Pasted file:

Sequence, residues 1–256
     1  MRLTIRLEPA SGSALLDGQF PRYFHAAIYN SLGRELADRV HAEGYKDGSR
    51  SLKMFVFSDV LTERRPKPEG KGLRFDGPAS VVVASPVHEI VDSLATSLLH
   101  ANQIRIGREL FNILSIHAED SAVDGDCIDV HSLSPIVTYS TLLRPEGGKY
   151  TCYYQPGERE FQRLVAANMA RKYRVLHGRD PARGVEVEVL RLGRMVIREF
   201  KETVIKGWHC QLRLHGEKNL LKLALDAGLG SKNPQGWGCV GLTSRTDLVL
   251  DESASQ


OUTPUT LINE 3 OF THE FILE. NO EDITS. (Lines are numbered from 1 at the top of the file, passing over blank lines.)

    51  SLKMFVFSDV LTERRPKPEG KGLRFDGPAS VVVASPVHEI VDSLATSLLH